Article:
The Biden Administration: Year One

The Biden Administration: Year One

Naomi Engle, Staff Writer

Joe Biden’s first year in office has been a tumultuous one, coming at a time of intense political division and a surge in the coronavirus.  The president made many campaign promises that he’s already followed through with, such as reversing Trump’s ban on transgender military members and rejoining the Paris climate agreement.  

However, the president’s approval rating has been steadily dropping, as shown by the latest poll taken by Gallup. In February 2021, 57% of Americans said that they believed he was doing a good job as president, but this number has fallen to 40%.  This loss of approval can be seen most in independents, dropping by almost 30%.  Biden’s first-year job approval rating is now the second-lowest out of the past eleven presidents, only ahead of Donald Trump.  

A lot of Americans’ mixed feelings have mostly stemmed from inflation (and related supply chain woes), the new surge of COVID-19, and the US’ involvement in Afghanistan.  These three issues were some of the biggest facing the 46th president throughout his first year, and he made promises to address them.  But, has he kept his word?

The pandemic has hit the economy especially hard, bringing it to national attention.  In a survey conducted by the Pew Research Center, 89% said that consumer goods prices have gotten worse since last year.  The US Bureau of Labor Statistics reported a 7.0% inflation rate since last year, and faulty supply chains due to the pandemic have caused increasing frustration.

Karen Dynan, a former Treasury official under Obama, told the New York Times, “There was a lot of optimism a year ago.  We’d gotten the vaccines faster than we’d thought, and we thought our lives were going to be able to go back to normal, and people just expected the economy to come along with that.  And maybe that was a little naïve.”  

Inflation has left prices soaring, with blockages in the supply chain making resources scarce.  Now Americans are finding it harder than ever to buy the things they need and are turning to the president for answers.  Biden has ordered a review of supply chains, but hasn’t yet taken action on his Build Back Better plan, the third part of which included economic relief bills.  

While there are some positives, including a rise in job rates and overall economic growth, the public’s outlook on the economy has been gloomy, with no obvious solution in sight.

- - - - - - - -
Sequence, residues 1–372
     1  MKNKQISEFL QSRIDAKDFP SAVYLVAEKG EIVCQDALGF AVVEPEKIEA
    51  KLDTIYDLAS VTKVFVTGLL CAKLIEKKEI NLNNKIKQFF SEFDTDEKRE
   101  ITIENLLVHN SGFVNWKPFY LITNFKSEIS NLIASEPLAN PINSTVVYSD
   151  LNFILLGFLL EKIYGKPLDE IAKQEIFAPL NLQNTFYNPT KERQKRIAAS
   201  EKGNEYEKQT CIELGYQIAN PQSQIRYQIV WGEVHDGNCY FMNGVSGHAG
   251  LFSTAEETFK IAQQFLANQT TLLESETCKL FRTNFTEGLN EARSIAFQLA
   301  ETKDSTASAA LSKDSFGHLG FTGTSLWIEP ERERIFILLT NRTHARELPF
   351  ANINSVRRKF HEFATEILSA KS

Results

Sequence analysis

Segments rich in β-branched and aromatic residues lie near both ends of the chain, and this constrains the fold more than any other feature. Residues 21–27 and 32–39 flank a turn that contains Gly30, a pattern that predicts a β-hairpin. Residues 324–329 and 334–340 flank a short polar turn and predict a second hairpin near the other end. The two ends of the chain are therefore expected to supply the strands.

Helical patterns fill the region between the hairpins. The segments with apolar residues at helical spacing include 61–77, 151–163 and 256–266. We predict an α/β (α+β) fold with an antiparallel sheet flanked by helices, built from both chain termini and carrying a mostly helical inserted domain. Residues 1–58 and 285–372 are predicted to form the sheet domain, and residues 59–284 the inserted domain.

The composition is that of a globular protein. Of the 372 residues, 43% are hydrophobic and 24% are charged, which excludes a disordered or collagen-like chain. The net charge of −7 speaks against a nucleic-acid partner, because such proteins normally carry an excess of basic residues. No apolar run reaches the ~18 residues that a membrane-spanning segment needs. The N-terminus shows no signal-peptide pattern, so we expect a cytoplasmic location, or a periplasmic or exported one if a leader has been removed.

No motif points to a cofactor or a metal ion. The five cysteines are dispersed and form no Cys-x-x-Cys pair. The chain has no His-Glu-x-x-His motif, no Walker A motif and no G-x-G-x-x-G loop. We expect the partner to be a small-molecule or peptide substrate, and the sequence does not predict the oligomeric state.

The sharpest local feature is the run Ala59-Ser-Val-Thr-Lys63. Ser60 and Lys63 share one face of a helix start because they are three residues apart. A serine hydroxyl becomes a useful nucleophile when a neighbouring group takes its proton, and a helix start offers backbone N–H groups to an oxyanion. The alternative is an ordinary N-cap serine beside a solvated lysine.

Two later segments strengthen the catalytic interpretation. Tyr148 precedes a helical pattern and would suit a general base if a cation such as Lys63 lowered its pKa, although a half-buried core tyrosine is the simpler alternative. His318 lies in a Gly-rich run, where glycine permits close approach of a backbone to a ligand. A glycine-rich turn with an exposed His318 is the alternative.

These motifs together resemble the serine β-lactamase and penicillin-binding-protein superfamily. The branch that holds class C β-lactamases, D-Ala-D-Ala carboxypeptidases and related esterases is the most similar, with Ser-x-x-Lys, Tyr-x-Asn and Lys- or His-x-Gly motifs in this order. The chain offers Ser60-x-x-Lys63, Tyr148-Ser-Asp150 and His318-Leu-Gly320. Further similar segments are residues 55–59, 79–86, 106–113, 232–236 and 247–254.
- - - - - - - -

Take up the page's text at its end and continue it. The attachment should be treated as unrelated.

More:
Pandemic fatigue has left many pinning the blame on Biden, resulting in a 21% drop since March of Americans who think he’s handling Covid well.  The president pledged to return the country to as close to a state of normalcy by December as possible, stating in a campaign rally in November 2020 that he planned to “beat this virus”.  However, all hopes for a speedy end to the pandemic were dashed by the arrival of the Omicron variant,  totaling over 95% of all Covid cases in the country, outpacing the Delta variant and forcing a new wave of mandates and regulations.  

Biden passed his $1.9 trillion COVID-19 relief bill last March.  The plan gave $350 billion to states for pandemic relief and $20 billion to fund vaccination campaigns.  He also introduced a website last Wednesday that provides up to four free Covid tests for families in need (  And lastly, Biden continues to push his campaign to vaccinate 70% of the American populace before September 2022.  The number currently stands at 61%, with a long road ahead of him to reach his goal.

Last August, In a mission which he called an “extraordinary success”, Biden also terminated US involvement in Afghanistan, a war that had spanned almost 20 years.  After invading and helping fight back against the Islamic Emirate (controlled by the Taliban) since 2001, America finally pulled out of the war, taking over 125,000 evacuees with it.  

The rush to leave Kabul Airport was chaotic and bloody, resulting in the death of 13 American service members and backlash from Democrats and Republicans alike back home.  The firestorm was intensified by the release of footage of thousands of Afghans running across the tarmac, clinging onto departing planes in an effort to escape, only to be held back by US soldiers.

Biden defended his decision though, saying in a press conference, “there is no evacuation from the end of a war that you can run without the kinds of complexities, challenges and threats we faced”, and acknowledging those who lost their lives in the scramble.

With Russia engaged in war with Ukraine and Omicron deaths reaching an all-time high, Biden’s second year in office promises to be just as tough as the first.  He still has a long way to go in fulfilling his campaign promises and reclaiming some of the trust that he lost during a tepidly-received year in office.